While watching one of the Microsoft Build 2021 sessions, I ran into the following error message while trying to clone a project from Github using the git clone command line on my Mac. The entire error message is below:
Thankfully, the fix for this is pretty straightforward, install the Xcode toolkit! I had done this before, but for some reason, I had to do it again, and only after doing this, my git commands started to work while executing them in the terminal.
To install the Xcode toolkit, use the following command in your Mac OS terminal:
If that doesn’t work, try the following:
sudo xcode-select --install
And if that also doesn’t work, you can try the following next:
You need to update one or more columns in a table with millions of records with data from another table, what’s a good way of going this with low risk and in an optimized way? One of my favorite ways of dealing with millions of records in a table is processing inserts, deletes, or updates in batches.
Updating data in batches of 10,000 records at a time and using a transaction is a simple and efficient way of performing updates on millions of records. The key is to batch out your data to allow you to process a smaller number of records at a time.
DECLARE @batchId INT
DECLARE @batchSize INT
DECLARE @results INT
SET @results = 1
SET @batchSize = 10000
SET @batchId = 0
-- when 0 rows returned, exit the loop
WHILE (@results > 0)
UPDATE Table1 SET columnA = Table2.columnA
INNER JOIN Table1 ON Table2.Id = Table1.Id
WHERE Table1.columnA is null
AND (Table2.Id > @batchId
AND Table2.Id <= @batchId + @batchSize)
SET @results = @@ROWCOUNT
-- next batch
SET @batchId = @batchId + @batchSize
-- the sql below is just to measure the performance of this update, it is not needed to update your data.
DECLARE @startTime DATETIME
SELECT @startTime = GETDATE()
SET STATISTICS PROFILE ON
FROM Table1 first OPTION (RECOMPILE)
SET STATISTICS PROFILE OFF
SELECT 'It took ' + CONVERT(VARCHAR(8), DATEDIFF(ms, @startTime, GETDATE())) + ' ms'
In the query above we declare the following variables to do the batching:
@results – this variable will hold the number of records updated; when zero, the query will stop. This is to avoid an infinite loop.
@batchId – this is set to zero initially, and it is used to compare the table id against it, and after each update, it is set to the id plus the batch size. This allows splitting the millions of records into batches.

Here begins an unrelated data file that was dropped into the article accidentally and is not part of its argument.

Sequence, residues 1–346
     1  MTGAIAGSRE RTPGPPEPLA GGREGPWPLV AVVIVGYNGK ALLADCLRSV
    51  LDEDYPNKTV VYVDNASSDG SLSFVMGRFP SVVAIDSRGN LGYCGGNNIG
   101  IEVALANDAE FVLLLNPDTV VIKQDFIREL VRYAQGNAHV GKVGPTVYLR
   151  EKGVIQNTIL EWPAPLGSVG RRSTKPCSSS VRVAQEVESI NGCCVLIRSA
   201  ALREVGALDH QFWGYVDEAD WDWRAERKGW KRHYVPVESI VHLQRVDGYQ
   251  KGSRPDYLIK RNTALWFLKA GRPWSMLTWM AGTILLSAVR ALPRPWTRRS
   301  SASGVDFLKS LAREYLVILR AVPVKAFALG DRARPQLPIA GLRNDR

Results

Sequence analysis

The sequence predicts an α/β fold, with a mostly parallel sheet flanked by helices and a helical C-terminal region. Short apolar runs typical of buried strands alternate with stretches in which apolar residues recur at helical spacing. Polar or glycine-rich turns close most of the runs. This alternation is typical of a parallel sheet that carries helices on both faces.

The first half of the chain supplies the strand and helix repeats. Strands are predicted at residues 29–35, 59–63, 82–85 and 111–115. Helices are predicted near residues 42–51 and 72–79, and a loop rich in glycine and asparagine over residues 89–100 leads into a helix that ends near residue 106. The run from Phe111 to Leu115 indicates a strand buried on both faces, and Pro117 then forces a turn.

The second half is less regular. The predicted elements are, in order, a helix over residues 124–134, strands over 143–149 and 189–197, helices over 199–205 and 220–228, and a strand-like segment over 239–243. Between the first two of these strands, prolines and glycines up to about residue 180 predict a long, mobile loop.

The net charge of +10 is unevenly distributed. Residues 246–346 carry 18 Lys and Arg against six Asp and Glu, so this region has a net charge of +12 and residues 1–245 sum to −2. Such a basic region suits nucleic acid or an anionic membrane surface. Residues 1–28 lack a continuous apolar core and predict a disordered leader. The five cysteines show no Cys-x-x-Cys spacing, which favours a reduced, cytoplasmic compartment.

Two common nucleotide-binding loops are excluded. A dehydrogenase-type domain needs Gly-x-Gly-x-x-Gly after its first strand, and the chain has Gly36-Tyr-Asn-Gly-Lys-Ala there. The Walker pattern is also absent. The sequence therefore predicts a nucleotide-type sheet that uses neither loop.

@batchSize – the number of records to update at a time.
It is important to know that the above algorithm will only work when your table’s primary keys are of type int. If your table’s primary keys are guids, the above will not work.
The section at the end of the query is only used to review the performance of your updates, it is not necessary to update the data and it is a nice way to see how the query performs overall.
I hope the information in this post is helpful, and it helps you learn a simple way to update millions of records in batches, making it easier and lower risk than attempting to do it all at once.
Software development is hard, and it isn’t always the programming language or the framework you use, it’s the people who work on it.
People are an essential part of a team; everything can be easily changed and fixed, but to achieve effective communication and a great culture, you need to make sure people work well together. In my software development career of over 20 years, the critical difference between successful software projects and failed ones has been the way engineering teams are created and how they are allowed to function overtime.
excellent tool for writing software, and when you install the right extensions, it can be very powerful. However, if these extensions and VS Code isn’t set up correctly, many of its features or extensions might not work the way you expect them to work.
Below is a list of settings that I use as my base when setting up VS Code for any type of web development. You can also get them from the gist located here:
The way to get to the setting in VS Code is by typing Ctrl-Shift P and then type “settings”. A settings.json file will open and this is where you can remove all existing settings and paste the settings below.
Below are my must-have extensions for anyone doing web development. There are many more magnificent extensions, but I feel like the following are not only useful but required to augment your web development experience with VS Code.
Prettier is an opinionated code formatter. It enforces a consistent style by parsing your code and re-printing it with its own rules that take the maximum line length into account, wrapping code when necessary.
To ensure that this extension is used over other extensions you may have installed, be sure to set it as the default formatter in your VS Code settings. This setting can be set for all languages or by a specific language.
A Visual Studio Code extension that provides CSS class name completion for the HTML class attribute based on the definitions found in your workspace or external files referenced through the link element.
That’s all, folks! I invite you to try other extensions, but make sure not to clutter your VS Code experience by installing extensions you might not need or use.
Also, remember to adjust your VS Code settings to make sure you get the most productivity and the best experience when using VS Code and these extensions.
If you know of any other VS Code extensions for web development, please feel free to share them in the comments below. Cheers.